Overall, Williams may lack the explosiveness, shooting, and upside to be considered an NBA starter. But it seems like this is a player who could certainly carve out a niche for himself and have a nice, productive career as a rotational player.

Vince Edwards, Purdue Sr. F

Another four-year player, Edwards stands out physically, with an NBA-ready body. The measurements are impressive at 6-foot-8, 225 pounds per NBA Scouting Live.

Playing in every game during his senior year, Edwards produced 14.9 points per game, and 7.4 rebounds per game, and shot almost 40 percent from three-point range.

According to NBA Scouting Live, Edwards is fairly adept at shooting on the move and from a set position. He has above average athleticism (not a great first step, but can run and jump well), can play/defend multiple positions, and has good defensive tools.

However, Edwards is not always engaged and can have lapses defensively. Draft Express also added that, prior to his junior year, Edwards needed to improve his ability to guard either forward position, and needed to do a better job of fighting through screens.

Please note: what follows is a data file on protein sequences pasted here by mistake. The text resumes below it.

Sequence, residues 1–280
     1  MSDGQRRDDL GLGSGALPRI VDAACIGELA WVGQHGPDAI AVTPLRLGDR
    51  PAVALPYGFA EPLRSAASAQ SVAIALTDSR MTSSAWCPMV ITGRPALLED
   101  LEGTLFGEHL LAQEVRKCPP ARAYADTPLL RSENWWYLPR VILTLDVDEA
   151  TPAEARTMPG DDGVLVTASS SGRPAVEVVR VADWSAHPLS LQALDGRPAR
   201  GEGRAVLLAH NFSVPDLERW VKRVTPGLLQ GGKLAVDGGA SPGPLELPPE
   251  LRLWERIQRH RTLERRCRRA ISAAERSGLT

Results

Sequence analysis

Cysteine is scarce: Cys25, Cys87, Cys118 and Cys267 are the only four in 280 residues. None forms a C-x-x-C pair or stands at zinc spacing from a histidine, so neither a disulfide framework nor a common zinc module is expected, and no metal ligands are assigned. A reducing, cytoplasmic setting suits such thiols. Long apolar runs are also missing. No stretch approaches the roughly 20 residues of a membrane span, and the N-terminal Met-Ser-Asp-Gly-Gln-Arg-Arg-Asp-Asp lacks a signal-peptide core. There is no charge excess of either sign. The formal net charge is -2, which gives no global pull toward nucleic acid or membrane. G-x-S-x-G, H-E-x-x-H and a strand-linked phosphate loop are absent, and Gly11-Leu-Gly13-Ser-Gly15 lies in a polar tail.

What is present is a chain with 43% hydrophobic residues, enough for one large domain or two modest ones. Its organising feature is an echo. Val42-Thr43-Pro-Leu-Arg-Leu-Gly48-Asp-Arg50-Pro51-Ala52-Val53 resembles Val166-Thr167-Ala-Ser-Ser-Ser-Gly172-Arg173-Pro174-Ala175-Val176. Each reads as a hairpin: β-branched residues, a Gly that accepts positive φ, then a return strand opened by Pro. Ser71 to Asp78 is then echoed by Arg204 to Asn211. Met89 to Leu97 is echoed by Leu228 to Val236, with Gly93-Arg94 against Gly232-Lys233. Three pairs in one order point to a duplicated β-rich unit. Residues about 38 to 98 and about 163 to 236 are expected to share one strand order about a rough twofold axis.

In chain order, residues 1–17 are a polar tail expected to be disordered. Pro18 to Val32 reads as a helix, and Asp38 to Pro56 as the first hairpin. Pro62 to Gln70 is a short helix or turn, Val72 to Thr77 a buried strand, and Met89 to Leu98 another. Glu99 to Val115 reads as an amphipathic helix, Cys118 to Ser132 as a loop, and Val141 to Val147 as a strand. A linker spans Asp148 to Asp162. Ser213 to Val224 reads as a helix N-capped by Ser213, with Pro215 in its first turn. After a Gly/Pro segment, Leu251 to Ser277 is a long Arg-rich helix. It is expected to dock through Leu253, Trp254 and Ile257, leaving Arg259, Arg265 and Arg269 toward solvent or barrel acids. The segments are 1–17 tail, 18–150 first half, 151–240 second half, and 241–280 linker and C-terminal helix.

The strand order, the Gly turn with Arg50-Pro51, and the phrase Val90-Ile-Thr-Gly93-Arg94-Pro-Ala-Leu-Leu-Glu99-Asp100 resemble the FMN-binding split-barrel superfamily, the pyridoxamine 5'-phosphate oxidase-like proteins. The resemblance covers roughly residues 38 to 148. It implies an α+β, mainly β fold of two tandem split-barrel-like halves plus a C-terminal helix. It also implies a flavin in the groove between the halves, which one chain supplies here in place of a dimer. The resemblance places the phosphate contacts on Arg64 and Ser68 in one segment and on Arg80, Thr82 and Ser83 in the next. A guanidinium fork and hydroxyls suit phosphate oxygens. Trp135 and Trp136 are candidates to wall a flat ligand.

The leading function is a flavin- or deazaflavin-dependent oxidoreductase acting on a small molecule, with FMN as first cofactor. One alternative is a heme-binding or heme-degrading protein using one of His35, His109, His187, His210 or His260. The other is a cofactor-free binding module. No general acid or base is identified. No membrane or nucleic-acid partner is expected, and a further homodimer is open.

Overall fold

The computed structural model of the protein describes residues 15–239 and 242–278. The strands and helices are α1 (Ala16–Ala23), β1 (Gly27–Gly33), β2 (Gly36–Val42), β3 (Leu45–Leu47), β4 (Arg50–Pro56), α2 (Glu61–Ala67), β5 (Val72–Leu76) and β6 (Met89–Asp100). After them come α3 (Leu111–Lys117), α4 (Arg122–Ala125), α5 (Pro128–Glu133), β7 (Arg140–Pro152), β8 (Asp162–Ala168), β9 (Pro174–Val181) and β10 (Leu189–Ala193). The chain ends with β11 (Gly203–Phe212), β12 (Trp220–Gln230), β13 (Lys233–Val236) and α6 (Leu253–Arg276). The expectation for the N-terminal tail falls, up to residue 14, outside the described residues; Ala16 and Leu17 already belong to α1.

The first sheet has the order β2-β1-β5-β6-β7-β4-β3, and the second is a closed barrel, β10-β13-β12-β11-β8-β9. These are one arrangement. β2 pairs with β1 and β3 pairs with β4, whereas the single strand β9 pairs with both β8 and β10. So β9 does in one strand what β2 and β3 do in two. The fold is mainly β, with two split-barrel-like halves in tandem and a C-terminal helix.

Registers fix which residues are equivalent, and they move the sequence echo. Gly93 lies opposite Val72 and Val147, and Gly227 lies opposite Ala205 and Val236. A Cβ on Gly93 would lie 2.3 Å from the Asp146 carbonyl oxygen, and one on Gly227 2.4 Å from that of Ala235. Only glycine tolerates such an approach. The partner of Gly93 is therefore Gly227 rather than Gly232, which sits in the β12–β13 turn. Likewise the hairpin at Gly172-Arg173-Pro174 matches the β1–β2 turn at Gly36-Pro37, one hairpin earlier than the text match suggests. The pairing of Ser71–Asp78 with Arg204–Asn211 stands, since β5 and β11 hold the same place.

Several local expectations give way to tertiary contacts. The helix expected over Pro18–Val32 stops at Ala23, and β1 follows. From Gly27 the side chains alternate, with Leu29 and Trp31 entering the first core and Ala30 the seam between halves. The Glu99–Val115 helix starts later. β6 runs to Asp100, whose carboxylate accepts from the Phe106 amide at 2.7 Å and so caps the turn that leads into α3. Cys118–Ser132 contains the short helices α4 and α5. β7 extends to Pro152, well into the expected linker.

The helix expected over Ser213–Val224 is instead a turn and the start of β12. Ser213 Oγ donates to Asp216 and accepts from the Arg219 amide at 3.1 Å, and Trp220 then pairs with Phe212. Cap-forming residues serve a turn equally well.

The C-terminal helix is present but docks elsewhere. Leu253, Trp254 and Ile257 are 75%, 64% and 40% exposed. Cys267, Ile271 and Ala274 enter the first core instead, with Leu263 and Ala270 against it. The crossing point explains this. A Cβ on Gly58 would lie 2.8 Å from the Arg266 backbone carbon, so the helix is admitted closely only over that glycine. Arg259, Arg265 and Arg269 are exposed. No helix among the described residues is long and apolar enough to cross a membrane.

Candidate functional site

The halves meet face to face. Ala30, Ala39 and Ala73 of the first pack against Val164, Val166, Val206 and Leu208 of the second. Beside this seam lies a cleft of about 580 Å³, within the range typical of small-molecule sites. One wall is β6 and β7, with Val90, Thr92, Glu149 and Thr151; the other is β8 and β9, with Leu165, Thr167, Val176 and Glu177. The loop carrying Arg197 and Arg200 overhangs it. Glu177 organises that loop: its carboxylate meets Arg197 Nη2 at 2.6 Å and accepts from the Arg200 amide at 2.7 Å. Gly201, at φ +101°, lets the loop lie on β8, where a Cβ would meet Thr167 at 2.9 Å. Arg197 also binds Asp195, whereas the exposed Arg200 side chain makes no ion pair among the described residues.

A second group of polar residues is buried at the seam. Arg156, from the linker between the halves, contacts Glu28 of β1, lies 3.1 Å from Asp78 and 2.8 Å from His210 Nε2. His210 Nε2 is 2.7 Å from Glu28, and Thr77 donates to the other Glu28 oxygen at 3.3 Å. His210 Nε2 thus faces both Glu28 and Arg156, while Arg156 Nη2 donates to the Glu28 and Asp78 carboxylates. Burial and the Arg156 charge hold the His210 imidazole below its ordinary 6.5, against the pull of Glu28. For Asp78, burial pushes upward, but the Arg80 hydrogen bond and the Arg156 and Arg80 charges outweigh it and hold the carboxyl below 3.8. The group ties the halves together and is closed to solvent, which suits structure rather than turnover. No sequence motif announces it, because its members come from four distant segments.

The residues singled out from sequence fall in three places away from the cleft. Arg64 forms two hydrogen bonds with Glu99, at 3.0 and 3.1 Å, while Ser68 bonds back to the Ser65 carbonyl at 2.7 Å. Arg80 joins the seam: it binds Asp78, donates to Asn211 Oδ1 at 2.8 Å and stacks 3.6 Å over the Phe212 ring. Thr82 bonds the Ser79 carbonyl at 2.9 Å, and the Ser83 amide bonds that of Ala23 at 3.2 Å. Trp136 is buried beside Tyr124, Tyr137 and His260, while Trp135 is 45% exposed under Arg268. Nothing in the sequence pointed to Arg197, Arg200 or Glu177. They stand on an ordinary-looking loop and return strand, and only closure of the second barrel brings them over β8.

Edwards is another player that clearly needs more time to mature. Yet, the tools are there for a player who has the ability to make an impact at the next level.

Edwards will most likely not be overwhelmed by the draft process, as he has tested the draft waters in the past, working out for teams like the Indiana Pacers.

The Knicks’ management and coaching staff will have a lot of tough decisions to make come June. However, with a deep draft, Knicks fans can rest assured that they will have the ability to select a player with the potential to be a rotational player/potential starter.